The 14-km road on Kollidam River used for transporting sand
Despite the Madurai Bench of the Madras High Court giving a categorical direction to remove gravel roads immediately to avert any change in the course of the Kollidam river and also to prevent creation of any artificial dam or lake, situation has not improved, laments T. Shanmugham, organiser of the Makkal Sakthi Iyakkam, Anbil, Lalgudi taluk.
Mr. Shanmugham is one of the petitioners who moved the court against sand quarrying in the Cauvery/ Kollidam and High Court has responded by banning the operation of sand quarries that were functioning for more than five years.
While a few more were allowed to operate only after obtaining environmental clearance from the State-level Environment Impact Assessment Authority, those under operation were permitted to continue subject to the condition that they should get environmental clearance within three months. In addition, the court has come out with a number of guidelines to grant permission for fresh quarry operation.
Mr.Shanmugham alleges that the 14 km gravel road, laid to a width of about 15 ft by private quarry operators from Tollgate (Thalakudi) to Thohur right in the middle of the Kollidam River, has not been removed even 20 days after the judgment was pronounced.
This road connects the quarries at Kondayampettai, Kilikoodu, and Koiladi Sukamber and is used for transporting sand. For laying this road, big pipes have been used.
He contends that this road would prevent the natural flow of water.
Ayilai Sivasuriyan, district secretary of the Tamil Nadu Vivasayigal Sangham, alleges that there are attempts to quarry in Natham region, near Anbil, and Sirugamani area in Andanallur union for which roads have been laid. He has also urged the District Collector to remove the roads laid in the Cauvery/Kollidam.
Thanks to the sand lorries, the Lalgudi-Sengarai road has been badly affected .
However, on behalf of district administration, it has been submitted that “only the riverbed level has been raised with river sand and spreading sugarcane leaves (karumbu thogai), reed grass and filling up by sand.” Only a “filmy layer of gravel” has been spread to facilitate movement of lorries.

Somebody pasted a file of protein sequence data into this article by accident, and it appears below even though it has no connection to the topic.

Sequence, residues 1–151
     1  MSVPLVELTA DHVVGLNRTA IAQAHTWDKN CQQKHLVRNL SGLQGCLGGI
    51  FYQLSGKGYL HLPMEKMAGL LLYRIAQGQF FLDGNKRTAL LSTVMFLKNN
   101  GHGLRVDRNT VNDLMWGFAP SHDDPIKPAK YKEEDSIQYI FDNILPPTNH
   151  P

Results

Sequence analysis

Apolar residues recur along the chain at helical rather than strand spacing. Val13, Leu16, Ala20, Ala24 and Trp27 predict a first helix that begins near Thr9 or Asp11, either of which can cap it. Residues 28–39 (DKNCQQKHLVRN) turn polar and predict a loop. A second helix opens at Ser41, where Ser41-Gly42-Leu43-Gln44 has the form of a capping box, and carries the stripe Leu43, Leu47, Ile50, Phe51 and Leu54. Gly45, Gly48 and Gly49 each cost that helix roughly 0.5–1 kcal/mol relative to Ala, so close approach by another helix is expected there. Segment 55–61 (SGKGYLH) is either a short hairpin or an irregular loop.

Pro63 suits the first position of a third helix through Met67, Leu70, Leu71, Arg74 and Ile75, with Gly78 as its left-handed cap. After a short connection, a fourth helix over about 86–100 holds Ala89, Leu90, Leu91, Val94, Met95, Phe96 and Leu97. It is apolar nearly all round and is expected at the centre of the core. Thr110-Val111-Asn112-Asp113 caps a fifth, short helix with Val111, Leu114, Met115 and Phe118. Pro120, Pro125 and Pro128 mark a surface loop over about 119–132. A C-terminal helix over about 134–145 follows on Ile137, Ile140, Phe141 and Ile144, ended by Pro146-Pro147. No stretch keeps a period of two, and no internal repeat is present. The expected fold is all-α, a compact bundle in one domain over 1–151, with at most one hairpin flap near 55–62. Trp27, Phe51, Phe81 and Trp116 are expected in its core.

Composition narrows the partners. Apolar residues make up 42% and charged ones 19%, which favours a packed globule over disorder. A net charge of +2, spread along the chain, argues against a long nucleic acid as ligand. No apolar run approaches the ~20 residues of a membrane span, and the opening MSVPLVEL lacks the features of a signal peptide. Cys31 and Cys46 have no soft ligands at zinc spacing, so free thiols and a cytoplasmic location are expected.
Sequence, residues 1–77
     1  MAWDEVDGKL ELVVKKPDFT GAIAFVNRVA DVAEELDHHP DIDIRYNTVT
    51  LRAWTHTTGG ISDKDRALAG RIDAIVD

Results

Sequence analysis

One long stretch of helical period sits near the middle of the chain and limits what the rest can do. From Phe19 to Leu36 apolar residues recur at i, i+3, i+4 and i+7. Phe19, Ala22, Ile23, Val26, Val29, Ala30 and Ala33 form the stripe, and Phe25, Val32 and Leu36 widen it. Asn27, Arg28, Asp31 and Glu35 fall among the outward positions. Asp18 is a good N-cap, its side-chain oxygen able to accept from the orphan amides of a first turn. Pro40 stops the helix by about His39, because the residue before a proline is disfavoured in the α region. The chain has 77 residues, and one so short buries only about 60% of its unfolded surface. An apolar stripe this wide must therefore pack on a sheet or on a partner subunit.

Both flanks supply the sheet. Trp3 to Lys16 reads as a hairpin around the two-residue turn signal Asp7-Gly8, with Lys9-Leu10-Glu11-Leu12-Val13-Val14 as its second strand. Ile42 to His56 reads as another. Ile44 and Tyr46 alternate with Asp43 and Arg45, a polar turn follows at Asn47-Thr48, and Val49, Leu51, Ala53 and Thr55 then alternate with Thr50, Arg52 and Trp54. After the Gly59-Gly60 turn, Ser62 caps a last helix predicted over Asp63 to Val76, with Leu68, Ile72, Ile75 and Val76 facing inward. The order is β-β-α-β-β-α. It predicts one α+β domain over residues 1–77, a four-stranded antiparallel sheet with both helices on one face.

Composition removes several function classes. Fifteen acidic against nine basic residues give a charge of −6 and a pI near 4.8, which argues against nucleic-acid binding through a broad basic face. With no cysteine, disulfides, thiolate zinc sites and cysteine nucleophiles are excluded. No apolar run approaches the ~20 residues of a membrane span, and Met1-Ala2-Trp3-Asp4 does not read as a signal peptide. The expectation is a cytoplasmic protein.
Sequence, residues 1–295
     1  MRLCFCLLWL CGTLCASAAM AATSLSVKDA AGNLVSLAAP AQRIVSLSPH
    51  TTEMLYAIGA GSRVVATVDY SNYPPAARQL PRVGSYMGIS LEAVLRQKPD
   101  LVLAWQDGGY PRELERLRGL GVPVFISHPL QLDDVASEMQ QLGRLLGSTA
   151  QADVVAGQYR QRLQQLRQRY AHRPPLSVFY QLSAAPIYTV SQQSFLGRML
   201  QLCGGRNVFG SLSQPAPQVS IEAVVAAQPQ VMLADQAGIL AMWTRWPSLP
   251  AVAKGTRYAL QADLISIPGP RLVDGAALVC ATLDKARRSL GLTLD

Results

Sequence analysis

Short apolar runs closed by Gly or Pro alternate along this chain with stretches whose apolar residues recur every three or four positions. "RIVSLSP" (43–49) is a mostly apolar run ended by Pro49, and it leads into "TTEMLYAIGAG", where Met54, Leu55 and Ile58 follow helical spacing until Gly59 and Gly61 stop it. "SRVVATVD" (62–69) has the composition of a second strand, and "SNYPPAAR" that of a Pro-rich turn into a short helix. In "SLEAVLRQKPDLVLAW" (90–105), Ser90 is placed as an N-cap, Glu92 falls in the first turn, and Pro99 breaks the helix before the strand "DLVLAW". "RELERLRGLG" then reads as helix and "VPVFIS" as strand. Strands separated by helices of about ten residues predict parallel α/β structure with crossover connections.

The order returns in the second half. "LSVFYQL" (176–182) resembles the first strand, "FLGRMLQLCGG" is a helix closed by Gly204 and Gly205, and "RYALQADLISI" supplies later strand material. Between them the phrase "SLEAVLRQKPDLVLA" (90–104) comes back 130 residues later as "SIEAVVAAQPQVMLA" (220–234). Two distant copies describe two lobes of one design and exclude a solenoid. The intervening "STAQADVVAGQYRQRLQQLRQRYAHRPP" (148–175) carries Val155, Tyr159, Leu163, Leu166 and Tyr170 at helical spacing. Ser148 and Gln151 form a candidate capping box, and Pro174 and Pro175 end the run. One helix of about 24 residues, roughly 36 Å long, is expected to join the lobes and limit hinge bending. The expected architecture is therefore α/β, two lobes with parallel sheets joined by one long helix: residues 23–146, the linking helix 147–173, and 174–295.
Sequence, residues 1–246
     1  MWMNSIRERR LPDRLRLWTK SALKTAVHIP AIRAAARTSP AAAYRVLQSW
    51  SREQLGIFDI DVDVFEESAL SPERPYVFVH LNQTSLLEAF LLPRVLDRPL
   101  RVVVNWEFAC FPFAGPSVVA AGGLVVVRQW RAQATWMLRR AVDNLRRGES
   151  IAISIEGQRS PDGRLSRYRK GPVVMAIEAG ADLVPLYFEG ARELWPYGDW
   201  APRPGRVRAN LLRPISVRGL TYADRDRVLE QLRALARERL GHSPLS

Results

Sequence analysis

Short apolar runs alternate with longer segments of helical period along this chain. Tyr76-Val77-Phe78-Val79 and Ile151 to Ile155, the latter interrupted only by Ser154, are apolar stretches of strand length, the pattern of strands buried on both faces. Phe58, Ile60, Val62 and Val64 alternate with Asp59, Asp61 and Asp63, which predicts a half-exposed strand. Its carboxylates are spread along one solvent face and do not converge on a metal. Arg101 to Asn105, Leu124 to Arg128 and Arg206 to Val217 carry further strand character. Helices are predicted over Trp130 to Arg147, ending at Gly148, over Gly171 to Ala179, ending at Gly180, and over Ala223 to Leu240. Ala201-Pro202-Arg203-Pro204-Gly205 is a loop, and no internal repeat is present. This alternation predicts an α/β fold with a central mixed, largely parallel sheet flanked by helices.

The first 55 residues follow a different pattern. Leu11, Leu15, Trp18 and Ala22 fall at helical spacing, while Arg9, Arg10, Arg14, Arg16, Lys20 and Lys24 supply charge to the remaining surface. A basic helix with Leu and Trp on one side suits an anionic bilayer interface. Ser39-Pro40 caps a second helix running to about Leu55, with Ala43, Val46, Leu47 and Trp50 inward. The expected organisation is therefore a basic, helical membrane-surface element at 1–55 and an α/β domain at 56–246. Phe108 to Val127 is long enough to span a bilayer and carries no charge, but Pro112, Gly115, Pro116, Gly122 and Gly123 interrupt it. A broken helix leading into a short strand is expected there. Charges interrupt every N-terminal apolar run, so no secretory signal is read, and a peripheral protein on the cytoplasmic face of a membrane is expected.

In its judgment dated August 3,2012, the High Court has observed: wherever sand quarry is permitted in the river and roads are formed either temporarily or semi-permanently, the District Collector/Public Works Department (PWD) should ensure that the roads are formed only by laying of sugarcane leaves and bio-degradable materials and if they find any other gravels are used, the District Collector/PWD is directed to remove the said roads immediately, so that the course of the river is not affected and also directed to ensure that the roads are not running across the river, so as to create artificial dam or lake.
The court has also said: the PWD is further directed to level all the roads/pathways to let the river assume its normal course without any artificial obstruction to the extent possible. Besides, the sand piled along the quarried pits is to be re-dumped or refilled in the pits restoring the river’s normal water course.
Official sources, who requested anonymity, said all the guidelines prescribed by the High Court are complied with and the removal of the said temporary road is also not far off. Meanwhile, steps have been initiated to re-lay the Lalgudi-Sengarai road which is likely to cost a few crores of rupees. “The Detailed Project Report is under preparation,” they said.